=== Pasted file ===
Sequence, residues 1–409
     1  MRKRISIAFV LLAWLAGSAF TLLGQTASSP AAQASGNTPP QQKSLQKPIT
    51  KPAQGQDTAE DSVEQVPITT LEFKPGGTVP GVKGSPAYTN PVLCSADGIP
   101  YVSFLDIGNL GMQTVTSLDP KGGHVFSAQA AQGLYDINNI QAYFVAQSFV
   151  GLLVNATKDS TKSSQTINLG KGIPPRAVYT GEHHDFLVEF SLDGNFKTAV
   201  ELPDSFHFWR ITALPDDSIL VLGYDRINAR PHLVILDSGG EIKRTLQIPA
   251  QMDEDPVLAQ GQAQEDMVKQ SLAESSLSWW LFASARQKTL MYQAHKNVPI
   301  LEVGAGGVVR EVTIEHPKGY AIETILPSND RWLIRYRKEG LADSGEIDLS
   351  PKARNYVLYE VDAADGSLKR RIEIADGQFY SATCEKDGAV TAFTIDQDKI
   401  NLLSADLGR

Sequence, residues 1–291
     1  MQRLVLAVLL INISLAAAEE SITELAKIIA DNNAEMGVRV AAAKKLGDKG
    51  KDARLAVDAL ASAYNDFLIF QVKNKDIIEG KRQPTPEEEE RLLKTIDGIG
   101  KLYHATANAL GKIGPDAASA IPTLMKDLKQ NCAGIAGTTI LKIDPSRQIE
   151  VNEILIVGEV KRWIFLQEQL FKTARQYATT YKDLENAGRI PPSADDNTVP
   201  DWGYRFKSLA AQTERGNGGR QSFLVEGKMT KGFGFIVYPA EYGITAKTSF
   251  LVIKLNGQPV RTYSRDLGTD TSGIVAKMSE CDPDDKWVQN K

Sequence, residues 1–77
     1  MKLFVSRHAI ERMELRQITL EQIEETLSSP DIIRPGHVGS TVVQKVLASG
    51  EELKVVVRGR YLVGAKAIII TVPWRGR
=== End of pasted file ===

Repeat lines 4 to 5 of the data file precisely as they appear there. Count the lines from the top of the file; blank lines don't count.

   101  YVSFLDIGNL GMQTVTSLDP KGGHVFSAQA AQGLYDINNI QAYFVAQSFV
   151  GLLVNATKDS TKSSQTINLG KGIPPRAVYT GEHHDFLVEF SLDGNFKTAV